In a year defined by gigantic open worlds featuring one-eyed super soldiers, dashing monster hunters, post-apocalyptic wastelands and a bloke who wears black and only comes out at night, there’s something incredibly refreshing about playing Dancing All Night. The third sequel to Atlus’ hugely popular PS2 classic Persona 4, it’s a rhythm game with a new narrative as the original cast stumble upon a new case to investigate. It’s fan service, pure and simple, but that doesn’t stop it being fun, immensely enjoyable and one of few Vita games on offer that grabs you and shows incredible reluctance to let go.
You’d barely know Dancing All Night was out, such has been the complete lack of buzz surrounding its release on this continent. Maybe that’s down to its niche appeal; newcomers aren’t particularly welcome with no explanations or scene setting offered for the series’ previous events, making this a hard sell if you’re not already acquainted with this world. Still, for the initiated, DAN will be a treat. Picking up six months after Persona 4 ending, with the gang all set to dance alongside Rise at her comeback show, fellow idols (popstars) are being mysteriously kidnapped during rehearsals, pulling the investigation team back into a world filled with dangerous ‘shadows’ that can only be defeated by dance.
If that all seems remarkably convenient for the purposes of setting up a rhythm game, then yes, bang on. Given this game’s existence after two separate fighting sequels, Persona 4 Arena and Arena Ultimax, cynics have enough ammunition to suggest that Dancing All Night is just a cynical grab for more cash from a franchise that holds a certain power over people’s hearts and bank accounts. It’s a relief, then, that the game itself is actually great, and tells another entertaining, heartfelt and enjoyable story in the process. The cast itself is still one of the well-rounded and well-realised of the last decade, provoking a feeling of reconnecting with an old friend. Yosuke and Teddie’s squabbling, Yukiko’s terrible giggling habit, Chie’s pointed self-righteousness and overall disgust with tyranny of any description….it’s all still there, and there’s a decent tale to be told as you rescue the idols taken hostage by the same sort of shadows you spent all of those hours battling in Persona 4. It helps that almost the same cast back to lend their vocal talents, offering endearing enthusiasm in the face of the frequently cheesy dialogue.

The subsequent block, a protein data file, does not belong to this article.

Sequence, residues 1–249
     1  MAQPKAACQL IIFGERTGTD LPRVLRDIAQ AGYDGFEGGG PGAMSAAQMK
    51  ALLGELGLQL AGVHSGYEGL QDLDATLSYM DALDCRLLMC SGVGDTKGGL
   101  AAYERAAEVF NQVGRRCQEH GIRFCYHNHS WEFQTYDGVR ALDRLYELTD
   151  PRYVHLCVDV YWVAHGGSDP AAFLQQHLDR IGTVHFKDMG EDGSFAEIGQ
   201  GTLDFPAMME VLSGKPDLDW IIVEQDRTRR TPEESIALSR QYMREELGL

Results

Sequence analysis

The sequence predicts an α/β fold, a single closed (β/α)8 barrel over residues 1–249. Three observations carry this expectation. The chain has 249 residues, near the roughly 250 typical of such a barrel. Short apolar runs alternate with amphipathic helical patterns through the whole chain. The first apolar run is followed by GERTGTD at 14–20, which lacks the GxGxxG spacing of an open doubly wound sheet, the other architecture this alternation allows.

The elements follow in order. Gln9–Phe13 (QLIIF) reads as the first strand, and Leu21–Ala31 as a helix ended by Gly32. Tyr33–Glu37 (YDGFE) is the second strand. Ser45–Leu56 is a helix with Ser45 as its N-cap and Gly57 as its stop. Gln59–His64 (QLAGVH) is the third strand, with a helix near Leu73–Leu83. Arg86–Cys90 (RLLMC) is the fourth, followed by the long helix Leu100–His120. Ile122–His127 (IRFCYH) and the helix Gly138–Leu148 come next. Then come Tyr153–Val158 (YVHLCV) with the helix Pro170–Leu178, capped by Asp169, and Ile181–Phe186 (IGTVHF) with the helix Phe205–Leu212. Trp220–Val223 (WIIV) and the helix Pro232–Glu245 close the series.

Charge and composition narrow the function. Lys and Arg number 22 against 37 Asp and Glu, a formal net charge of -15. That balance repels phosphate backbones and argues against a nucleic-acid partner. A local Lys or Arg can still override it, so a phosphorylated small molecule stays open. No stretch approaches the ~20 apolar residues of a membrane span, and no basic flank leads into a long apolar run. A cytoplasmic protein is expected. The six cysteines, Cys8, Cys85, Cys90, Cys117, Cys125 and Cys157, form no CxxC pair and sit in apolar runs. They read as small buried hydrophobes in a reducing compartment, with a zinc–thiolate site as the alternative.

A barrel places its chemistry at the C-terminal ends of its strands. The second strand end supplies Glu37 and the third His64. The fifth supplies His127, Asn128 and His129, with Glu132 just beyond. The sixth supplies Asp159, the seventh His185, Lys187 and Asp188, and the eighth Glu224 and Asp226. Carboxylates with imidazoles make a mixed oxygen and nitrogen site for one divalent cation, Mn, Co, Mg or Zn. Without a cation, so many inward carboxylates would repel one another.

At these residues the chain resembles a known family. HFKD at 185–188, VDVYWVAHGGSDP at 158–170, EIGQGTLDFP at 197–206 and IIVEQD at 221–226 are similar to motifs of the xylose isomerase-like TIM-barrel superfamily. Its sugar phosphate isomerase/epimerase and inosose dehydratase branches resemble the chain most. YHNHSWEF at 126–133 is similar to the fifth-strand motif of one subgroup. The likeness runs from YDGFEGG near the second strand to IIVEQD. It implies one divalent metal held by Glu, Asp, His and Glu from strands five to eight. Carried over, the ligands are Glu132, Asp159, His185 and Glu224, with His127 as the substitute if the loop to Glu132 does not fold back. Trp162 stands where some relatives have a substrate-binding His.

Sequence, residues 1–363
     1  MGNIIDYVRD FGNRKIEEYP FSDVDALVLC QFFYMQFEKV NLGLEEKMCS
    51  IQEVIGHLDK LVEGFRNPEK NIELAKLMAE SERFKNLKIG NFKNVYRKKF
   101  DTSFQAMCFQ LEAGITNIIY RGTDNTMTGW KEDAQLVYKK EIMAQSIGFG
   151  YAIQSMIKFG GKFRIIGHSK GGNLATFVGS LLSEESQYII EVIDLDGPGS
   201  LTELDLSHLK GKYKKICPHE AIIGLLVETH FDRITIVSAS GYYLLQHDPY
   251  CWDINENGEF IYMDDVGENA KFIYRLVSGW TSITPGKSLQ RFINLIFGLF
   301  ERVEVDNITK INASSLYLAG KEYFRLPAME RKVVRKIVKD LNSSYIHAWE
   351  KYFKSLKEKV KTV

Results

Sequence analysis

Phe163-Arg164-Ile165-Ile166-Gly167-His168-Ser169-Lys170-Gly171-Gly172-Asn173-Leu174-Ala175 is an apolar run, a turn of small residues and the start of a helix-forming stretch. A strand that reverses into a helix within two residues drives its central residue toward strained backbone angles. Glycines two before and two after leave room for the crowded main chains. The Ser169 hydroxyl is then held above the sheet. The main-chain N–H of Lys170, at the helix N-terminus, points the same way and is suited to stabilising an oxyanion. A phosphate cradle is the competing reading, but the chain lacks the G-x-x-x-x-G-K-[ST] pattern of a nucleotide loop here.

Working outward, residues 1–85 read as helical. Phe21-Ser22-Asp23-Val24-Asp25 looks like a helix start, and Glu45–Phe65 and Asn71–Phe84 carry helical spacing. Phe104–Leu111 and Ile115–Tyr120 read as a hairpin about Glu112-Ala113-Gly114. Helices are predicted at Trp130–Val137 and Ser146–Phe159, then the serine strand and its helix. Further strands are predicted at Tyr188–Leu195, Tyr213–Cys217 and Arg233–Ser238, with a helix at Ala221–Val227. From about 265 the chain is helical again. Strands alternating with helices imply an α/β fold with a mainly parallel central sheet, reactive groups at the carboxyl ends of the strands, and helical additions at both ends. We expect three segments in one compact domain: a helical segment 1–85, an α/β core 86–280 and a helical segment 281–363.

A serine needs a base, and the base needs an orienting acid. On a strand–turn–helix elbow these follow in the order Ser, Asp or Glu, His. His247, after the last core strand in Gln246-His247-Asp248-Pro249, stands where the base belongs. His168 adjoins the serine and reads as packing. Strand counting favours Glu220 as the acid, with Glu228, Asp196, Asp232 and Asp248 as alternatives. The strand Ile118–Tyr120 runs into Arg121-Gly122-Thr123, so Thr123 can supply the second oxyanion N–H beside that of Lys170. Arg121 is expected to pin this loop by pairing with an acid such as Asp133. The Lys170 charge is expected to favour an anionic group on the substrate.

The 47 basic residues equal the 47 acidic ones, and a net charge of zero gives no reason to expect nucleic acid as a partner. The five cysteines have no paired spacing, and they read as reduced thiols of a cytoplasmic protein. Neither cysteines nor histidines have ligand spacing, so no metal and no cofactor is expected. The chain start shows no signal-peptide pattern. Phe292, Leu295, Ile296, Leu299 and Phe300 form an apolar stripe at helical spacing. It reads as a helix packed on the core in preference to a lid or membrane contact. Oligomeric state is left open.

The gameplay itself is easy to adjust to, yet comfortingly difficult to master. Utilising the Up, Left, Down directional buttons on one side of your Vita, and Triangle, Circle and X on the other, you tap in response to on-screen prompts, sometimes holding two at once or one for a particular length depending on the note. The occasional and utterly optional flick of the analog stick to gain the odd score multiplier comes into play, but nothing you’re asked to do is particularly complicated, and finishing songs without missing a single note doesn’t feel impossible. Items can be bought with a currency earned from hitting high scores which can make songs tougher or simpler to complete, depending on your preference, with a slew of costumes available to purchase for each character in the game’s Freeplay mode. The game’s good looking, too, with anime talking heads and cutscenes reassuringly sharp with colourful, bright menus and interfaces, but it’s the music that steals the show in the presentation stakes. The game offers up a mixture of funky, energetic and pulsing remixes to songs from the original game’s soundtrack with expanded sections and more endearingly opaque lyrics, pulling on yet another nostalgic heartstring in the process.
Dancing All Night requires a bit too much of an understanding of Persona 4’s world and its characters to stand on its own two feet as a title, which might explain why it’s been snuck out onto shelves like a parent trying to quietly vacate a room with a sleeping toddler. Fans of the series won’t need much convincing, however; this is another enjoyable trip with a great bunch of characters backed up by a solid, enjoyable rhythm game. It’s unlikely to win millions of hearts and minds, but it’s highly likely to plaster smiles all over the faces of those who fancy one more adventure in Persona 4’s world.
Midlife Gamer Rating: 8/10 Format: PlayStation Vita Release Date: Out Now
Disclosure: Iwan Lehnert purchased a copy of Persona 4: Dancing All Night for review purposes. The title was reviewed over the course of five days. For more information on what our scores mean, plus details of our reviews policy, click here.